If there's anything the stock market reminded retirees of this year, it's that chasing performance is tricky and stressful. That is to say, if what happens over the course of a few months takes a concerning toll on your retirement portfolio's value or your mental health, you may not be positioned quite right. You could probably do with a little less exposure to the hot stocks du jour, and a little more exposure to income-producing picks that will pay you a dividend regardless of what's going on around you.
To that end, current and future retirees looking for a little less excitement and a little more reliable income may want to consider stakes in Walmart (NYSE:WMT), Public Storage (NYSE:PSA), or Duke Energy (NYSE:DUK). Here's why.
Dividend yield: 1.4%
Consecutive annual increases: 47
You know the company. In fact, odds are good that you -- like 90% of the people living in the United States -- live within ten miles of a Walmart store. That's the point. With more than 3500 supercenters peppered across the nation, along with hundreds of neighborhood markets and Sam's Club warehouses, this retailer has become part of our daily shopping routines. There are more than 6000 other Walmart stores found overseas too, which in a similar fashion have become the go-to shopping solution for those markets.
The current dividend yield of 1.4% isn't going to win any awards. But there's more to the story. The company has raised that dividend every year for the past 47 years, and there's no particular reason to believe Walmart's commitment to its increased payout is waning.
The case for retirees owning Walmart isn't just about income growth, though. A stake in Walmart is also a worry-free chance to participate in the country's (and the world's for that matter) ongoing economic growth. The retailer is not only big enough now that it can keep competitors like Target in check, but it's becoming a lifestyle-minded brand as well. Company-owned full service health clinics, health insurance, subscription-based deliveries to shoppers' homes, an e-commerce partnership with Shopify, and a pilot program of what looks a whole lot like Best Buy's Geek Squad all suggest the traditional retailer is reimagining itself as a lifestyle company. That brings more people into its ecosystem more often.
Dividend yield: 3.6%
Consecutive annual increases: 0*
Americans have a problem. We struggle to let go of possessions we know we're not using. It's so bad that once we run out of room in our closets and basements, we then rent space away from home just to store our idle stuff.
Enter Public Storage, which rents out 170 million square feet to U.S. and European consumers who just can't seem to part with whatever it is people typically shove into storage. That makes the company the world's biggest self-storage solutions provider.
It's a surprisingly solid business to be in. The coronavirus pandemic interrupted what was a pretty reliable revenue and income growth cadence, but that headwind had as much to do with lockdown logistics as it had to do with waning demand. Now that those hurdles are being lowered, we're seeing occupancy improve. Last quarter's occupancy rate of 95.5% was up from the year-ago level of 94.2%, and up from the second quarter's same level.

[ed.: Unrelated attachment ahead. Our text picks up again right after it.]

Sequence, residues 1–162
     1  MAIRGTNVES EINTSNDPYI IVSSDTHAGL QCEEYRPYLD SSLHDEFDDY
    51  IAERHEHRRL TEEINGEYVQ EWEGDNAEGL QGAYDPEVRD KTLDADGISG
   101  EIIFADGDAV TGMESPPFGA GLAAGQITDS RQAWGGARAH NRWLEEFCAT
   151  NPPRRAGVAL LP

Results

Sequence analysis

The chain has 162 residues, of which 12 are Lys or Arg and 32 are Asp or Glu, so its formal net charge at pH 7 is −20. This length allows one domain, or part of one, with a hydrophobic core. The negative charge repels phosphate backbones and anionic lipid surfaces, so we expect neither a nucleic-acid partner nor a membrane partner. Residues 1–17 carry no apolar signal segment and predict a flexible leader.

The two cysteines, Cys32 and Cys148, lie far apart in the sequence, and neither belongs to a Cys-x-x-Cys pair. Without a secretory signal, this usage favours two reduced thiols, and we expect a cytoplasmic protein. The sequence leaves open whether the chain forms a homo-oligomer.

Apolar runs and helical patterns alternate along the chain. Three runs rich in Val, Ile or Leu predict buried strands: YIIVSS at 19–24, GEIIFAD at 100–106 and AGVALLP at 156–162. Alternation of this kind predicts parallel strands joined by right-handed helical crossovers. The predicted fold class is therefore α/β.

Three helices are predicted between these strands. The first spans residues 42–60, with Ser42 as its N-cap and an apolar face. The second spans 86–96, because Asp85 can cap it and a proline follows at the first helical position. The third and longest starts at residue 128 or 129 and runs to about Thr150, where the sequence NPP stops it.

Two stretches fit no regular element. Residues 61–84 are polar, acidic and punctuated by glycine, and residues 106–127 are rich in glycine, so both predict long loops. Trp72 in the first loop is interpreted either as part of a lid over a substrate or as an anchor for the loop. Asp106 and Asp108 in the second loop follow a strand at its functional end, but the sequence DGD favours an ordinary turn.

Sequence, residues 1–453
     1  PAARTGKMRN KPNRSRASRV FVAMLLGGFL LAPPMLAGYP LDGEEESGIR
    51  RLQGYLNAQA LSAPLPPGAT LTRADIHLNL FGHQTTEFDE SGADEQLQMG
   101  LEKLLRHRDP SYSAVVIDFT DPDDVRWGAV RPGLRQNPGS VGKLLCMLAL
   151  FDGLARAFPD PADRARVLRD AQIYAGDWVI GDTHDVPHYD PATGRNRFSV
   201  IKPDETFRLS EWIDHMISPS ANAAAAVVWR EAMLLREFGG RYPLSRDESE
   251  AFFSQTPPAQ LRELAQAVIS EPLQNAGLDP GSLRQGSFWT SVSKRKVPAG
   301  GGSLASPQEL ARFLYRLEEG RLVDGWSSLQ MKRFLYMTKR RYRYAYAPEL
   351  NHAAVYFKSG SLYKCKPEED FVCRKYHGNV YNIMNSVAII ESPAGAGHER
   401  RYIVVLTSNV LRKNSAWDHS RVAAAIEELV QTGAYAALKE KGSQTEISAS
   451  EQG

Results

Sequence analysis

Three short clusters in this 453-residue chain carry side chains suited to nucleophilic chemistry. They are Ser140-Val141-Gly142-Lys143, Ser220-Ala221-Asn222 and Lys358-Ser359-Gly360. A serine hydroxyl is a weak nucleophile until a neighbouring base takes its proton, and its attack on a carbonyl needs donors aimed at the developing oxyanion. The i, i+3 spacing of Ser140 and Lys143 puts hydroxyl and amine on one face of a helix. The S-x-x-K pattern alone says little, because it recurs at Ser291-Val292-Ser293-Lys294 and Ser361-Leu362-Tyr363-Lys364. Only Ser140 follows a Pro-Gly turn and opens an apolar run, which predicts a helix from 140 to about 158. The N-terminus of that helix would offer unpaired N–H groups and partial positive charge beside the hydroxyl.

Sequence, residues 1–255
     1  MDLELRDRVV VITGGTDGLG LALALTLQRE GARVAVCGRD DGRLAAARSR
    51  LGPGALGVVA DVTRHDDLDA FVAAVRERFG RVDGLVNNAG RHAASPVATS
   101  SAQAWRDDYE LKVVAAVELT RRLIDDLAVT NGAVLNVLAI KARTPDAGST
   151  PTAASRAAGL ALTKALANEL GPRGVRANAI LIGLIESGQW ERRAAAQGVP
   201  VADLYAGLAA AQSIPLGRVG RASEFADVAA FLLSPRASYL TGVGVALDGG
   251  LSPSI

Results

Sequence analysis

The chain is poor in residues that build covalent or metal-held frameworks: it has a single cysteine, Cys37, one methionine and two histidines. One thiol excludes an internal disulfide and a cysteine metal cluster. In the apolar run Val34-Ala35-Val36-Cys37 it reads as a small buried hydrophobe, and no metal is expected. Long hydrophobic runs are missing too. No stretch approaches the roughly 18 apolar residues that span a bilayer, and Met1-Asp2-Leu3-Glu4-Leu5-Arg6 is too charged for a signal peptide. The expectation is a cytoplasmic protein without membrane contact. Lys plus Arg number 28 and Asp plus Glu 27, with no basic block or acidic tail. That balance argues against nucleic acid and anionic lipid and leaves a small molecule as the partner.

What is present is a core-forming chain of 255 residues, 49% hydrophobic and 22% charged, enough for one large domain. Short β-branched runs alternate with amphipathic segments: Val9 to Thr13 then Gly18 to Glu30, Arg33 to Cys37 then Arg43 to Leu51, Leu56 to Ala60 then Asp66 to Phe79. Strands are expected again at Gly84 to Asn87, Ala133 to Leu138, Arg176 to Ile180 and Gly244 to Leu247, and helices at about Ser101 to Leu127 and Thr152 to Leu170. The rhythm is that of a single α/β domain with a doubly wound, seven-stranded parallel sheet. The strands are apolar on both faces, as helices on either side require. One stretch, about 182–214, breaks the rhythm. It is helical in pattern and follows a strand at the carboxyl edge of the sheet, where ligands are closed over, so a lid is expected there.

It's a subtle sign that the industry is likely to remain as resilient as it's been for decades now.
Public Storage is organized as a real estate investment trust, or REIT. These structures are a tax-efficient way to pass rental income along to the shareholders that ultimately own these storage units.
* Public Storage hasn't raised its quarterly dividend payment of $2.00 since 2017, for the record, but it hasn't lowered it either. Given that its funds from operations (FFO) payout ratio is only about 75% while the company continues to expand its footprint as well as its top and bottom lines, a dividend hike could be on the horizon. Even if not, though, it's a healthy income holding.
Dividend yield: 4.2%
Consecutive annual increases: 7
Finally, it's cliche to add a utility name to a list of dividend stocks perfectly suited for retirement portfolios. But it's cliche for all the right reasons. These companies are reliable dividend payers because their customers typically want to ensure their power stays on.
Unlike many of its sector peers, Duke Energy isn't one of the market's few dividend aristocrats that have upped their annual payouts for at least 25 consecutive years. Duke has been raising its quarterly payout steadily since 2013, from $0.765 to $0.965. But it was stuck at $0.62 per quarter for several years before that.
Don't let the lack of pedigree deter you from this proven player, though. The company's management seems to be acting like they'd like to see Duke Energy reach that esteemed status.
Perhaps the most compelling reason a retiree or soon-to-retire-investor would want to step into this stock sooner rather than later, however, is the fact that it's preparing for the inevitable future on its own terms. In early October it announced it was earmarking around $130 billion to start phasing out coal power while it ramps up its use of renewable energy sources. Around that same time, the company announced it would be expanding its electric vehicle charging offerings into South Carolina, reflecting rapid changes in the world of automobiles.
It's not easy to determine how, or how much, these efforts will affect its bottom line. But it is reasonable to say the company is better served by being ready for whatever regulation and opportunity the future may hold.